And the waves crash around me,
the sand slips out to sea,
and the wind that blows reminds me of what has been
and what can never be.
Last night was the opening of Up the Down Staircase at Daisy's school. It's her first drama production and she was on the stage crew for this one. The director's choice for staging was an interesting one; in place of the vignettes that characterize the movie version, she created a Laugh-In style set that featured doors that opened with the actors' heads appearing inside to deliver lines. Effective, and an interesting way to "shake up" a production many of us know by heart. The young man playing Joe Ferone was excellent, although he affected such a strong Marlon-Brando-like accent that I kept waiting for him to start sticking dental cotton in his mouth, à la the Saturday Night Live "Godfather" skit. All in all, it was a wonderful evening and I was very glad to get back into the groove of school activities.
Drama is good for kids, I think. It teaches them to, in the words of Miss Sylvia Barrett, "reach beyond their grasp" and explore not only what they are but what they are not. Like sports, it teaches teamwork and cooperation in a way that helps prepare kids for the real world. And they are generally really good kids, with parents who are involved. Mr and I were both drama geeks. I think Daisy will do well here. I am proud of her work in the crew, and look forward to lots more productions over the next several years.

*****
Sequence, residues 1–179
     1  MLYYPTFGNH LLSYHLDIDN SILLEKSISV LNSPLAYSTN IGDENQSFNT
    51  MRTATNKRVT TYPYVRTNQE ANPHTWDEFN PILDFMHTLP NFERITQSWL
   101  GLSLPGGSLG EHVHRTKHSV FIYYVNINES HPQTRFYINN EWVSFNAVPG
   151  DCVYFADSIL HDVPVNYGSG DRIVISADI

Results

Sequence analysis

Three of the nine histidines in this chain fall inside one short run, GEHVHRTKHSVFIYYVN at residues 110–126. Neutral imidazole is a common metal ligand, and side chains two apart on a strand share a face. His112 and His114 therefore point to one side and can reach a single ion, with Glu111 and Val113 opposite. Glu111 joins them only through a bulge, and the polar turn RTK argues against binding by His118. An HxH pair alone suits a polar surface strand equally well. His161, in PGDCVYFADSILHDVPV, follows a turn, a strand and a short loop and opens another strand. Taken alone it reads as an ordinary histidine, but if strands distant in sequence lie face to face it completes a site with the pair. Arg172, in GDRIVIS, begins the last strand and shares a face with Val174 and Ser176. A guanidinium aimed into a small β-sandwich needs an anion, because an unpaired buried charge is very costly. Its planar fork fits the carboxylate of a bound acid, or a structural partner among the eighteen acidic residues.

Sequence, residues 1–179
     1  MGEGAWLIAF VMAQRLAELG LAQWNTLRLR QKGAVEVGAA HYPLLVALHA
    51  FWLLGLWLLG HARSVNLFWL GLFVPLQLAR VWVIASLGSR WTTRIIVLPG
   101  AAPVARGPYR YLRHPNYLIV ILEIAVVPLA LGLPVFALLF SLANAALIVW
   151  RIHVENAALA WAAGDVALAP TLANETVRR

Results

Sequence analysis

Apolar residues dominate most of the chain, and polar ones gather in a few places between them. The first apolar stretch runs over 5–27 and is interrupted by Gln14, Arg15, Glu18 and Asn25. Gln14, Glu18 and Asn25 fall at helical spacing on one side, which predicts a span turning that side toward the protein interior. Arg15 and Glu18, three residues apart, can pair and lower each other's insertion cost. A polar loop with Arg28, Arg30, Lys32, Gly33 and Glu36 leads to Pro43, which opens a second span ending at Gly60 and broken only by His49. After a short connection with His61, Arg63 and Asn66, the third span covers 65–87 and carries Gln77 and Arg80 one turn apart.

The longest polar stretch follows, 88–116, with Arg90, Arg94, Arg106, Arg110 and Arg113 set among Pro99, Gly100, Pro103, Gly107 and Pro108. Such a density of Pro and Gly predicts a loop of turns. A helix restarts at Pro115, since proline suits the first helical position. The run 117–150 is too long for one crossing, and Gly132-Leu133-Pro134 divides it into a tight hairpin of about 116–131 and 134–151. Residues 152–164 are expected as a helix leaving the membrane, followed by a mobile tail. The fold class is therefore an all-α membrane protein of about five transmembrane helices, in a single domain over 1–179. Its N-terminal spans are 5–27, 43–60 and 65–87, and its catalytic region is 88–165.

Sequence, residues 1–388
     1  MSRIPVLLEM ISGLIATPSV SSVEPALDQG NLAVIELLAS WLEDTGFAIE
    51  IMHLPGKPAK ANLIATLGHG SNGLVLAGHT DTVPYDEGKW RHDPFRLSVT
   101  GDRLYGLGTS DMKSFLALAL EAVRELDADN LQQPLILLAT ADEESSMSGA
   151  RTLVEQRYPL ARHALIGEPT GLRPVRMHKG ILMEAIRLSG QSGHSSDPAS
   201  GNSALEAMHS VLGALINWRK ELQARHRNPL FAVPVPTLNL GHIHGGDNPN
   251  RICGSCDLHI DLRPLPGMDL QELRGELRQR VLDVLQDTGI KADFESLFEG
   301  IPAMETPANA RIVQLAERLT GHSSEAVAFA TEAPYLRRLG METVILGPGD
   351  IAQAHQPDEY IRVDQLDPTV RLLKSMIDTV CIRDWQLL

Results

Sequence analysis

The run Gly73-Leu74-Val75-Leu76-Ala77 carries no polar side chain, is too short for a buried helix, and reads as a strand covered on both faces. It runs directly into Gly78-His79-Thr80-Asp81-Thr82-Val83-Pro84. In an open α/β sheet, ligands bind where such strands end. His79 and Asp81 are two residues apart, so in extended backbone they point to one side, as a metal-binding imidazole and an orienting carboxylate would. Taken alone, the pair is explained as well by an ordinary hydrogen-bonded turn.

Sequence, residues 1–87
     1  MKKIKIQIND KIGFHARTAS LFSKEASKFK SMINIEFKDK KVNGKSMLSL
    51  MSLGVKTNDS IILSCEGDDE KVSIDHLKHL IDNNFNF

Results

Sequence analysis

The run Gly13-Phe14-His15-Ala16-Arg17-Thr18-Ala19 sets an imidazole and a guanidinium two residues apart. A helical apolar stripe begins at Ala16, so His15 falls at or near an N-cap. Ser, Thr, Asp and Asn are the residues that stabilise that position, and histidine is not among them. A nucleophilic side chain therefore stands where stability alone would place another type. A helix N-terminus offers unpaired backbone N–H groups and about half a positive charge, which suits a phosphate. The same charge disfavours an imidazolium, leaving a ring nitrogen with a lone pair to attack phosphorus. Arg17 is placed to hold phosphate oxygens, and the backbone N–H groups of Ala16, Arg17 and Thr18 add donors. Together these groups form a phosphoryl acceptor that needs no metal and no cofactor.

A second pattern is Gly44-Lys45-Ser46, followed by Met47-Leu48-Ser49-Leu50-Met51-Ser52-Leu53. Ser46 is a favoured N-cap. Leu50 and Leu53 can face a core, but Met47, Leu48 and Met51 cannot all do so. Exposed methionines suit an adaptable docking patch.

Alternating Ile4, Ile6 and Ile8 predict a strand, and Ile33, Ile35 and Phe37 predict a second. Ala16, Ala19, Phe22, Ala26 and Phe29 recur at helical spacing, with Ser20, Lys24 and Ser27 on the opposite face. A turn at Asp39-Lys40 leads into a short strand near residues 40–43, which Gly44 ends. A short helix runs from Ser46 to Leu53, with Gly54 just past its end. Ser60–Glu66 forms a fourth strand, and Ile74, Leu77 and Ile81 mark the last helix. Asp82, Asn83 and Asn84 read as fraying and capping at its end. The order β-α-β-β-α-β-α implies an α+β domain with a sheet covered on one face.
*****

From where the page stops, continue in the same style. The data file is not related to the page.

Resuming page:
I was surprised by my reaction to the curtain call, however. As the pairs came on stage for their bows, forming the traditional ensemble line, I found myself starting to cry. As the leads took their place and the entire cast raised their clasped hands to take their final bow, I looked over at Mr. B. His eyes were also filled with tears and I knew we were thinking the same thing: The Bug would have been in drama. She would have been an actor, perhaps a lead, having absorbed years of informal coaching from us both. And we were struck again with what has been and what can never be. I wonder, sometimes, how many more of these moments we will encounter; whether every milestone and happy event in Daisy's life will be tinged with just a hint of hidden regret that we will do all of these things with one child instead of two. And I hope that I can keep that regret hidden -- it would be a shame indeed to let Daisy see the sadness in our eyes at every turn.
I am a lighthouse
worn by the weather and the waves.
And though I am empty,
still I warn the sailors on their way.